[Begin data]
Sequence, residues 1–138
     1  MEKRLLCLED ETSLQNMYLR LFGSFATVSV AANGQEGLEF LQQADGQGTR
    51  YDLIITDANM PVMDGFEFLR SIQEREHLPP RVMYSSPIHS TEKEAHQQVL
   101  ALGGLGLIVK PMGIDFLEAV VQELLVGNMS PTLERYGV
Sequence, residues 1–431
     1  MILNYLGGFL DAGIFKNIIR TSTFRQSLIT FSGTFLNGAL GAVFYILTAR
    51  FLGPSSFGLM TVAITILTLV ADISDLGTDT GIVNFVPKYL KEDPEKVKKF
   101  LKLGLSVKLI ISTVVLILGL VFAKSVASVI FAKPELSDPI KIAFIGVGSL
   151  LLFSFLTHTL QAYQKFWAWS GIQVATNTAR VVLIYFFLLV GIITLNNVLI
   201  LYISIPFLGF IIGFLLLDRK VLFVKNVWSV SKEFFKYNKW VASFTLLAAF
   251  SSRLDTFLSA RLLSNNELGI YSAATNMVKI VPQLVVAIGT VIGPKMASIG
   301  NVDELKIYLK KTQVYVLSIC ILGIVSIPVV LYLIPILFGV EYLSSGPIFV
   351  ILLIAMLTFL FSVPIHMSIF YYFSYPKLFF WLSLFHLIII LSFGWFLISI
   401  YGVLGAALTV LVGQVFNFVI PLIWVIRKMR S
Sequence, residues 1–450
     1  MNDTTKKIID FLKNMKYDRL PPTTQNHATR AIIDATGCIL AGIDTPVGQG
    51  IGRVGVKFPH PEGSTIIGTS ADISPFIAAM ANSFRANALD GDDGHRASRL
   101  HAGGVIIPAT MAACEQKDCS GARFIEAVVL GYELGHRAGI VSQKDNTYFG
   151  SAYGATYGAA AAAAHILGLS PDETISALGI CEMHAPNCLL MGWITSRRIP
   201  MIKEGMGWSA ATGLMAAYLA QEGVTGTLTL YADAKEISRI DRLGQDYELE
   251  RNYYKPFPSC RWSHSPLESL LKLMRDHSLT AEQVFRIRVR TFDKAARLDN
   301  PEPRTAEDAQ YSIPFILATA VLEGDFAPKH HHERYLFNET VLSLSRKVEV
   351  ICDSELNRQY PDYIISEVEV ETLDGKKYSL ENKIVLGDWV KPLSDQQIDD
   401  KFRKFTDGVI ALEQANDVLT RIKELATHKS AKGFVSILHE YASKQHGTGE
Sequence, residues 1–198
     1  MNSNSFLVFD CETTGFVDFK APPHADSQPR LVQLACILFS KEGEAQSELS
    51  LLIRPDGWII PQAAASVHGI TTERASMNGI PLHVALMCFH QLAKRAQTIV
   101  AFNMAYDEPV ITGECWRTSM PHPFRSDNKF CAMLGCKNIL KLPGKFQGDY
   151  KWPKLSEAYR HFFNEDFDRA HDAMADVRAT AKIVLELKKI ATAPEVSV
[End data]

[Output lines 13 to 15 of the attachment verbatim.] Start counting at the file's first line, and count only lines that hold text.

   351  ILLIAMLTFL FSVPIHMSIF YYFSYPKLFF WLSLFHLIII LSFGWFLISI
   401  YGVLGAALTV LVGQVFNFVI PLIWVIRKMR S
Sequence, residues 1–450